Implementing an e-Commerce Web Site

E-Commerce sites are designed and implemented the same way as any other Web site, a process explained in our article Building a Commercial Web Site, but involve special considerations.

The top consideration is security. Don't neglect it. Many sites have ended up notifying thousands of customers that their credit card information had been compromised. Not only must you carefully configure the security options in your software (especially for Microsoft products which default to an unsafe state) you must monitor security bulletins for each of the products you use and install patches whenever they are posted.

The next biggest consideration is that your hosting service (unless you host your own site or co-locate) supports the full range of e-commerce features you require. You will probably also link to outside engines for such things as fraud detection, credit card clearing and even your shopping cart.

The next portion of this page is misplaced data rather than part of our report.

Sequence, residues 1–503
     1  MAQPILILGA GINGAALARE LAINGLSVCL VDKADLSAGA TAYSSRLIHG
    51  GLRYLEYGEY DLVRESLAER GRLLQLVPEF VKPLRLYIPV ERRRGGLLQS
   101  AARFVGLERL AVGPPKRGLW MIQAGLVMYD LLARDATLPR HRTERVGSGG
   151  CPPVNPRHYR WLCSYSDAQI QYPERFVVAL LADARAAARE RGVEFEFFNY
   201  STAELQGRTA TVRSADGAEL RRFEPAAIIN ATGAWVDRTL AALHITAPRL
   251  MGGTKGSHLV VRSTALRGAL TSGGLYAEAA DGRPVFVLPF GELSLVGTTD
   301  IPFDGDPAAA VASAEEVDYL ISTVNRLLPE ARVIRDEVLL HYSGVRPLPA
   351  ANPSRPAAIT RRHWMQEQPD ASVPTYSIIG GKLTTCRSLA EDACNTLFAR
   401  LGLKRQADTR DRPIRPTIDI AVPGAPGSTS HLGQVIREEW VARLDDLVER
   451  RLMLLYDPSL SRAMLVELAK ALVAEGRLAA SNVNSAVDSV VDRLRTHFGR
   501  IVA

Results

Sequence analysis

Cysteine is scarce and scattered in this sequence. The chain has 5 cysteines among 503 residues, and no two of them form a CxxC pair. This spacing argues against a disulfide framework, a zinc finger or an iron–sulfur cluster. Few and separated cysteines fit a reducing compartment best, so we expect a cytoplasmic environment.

Software for implementing e-Commerce is available from many vendors, at prices ranging from a few hundred dollars to tens of thousands of dollars. As always with software, what you pay doesn't necessarily reflect the quality of what you get.

Keep in mind that e-Commerce on any scale is expensive, so you must intend to do enough business to make it worthwhile. Your e-Commerce site must be promoted and advertised at least as intensively as for a physical store.

©:Andrew Grygus - Automation Access - www.aaxnet.com - aax@aaxnet.com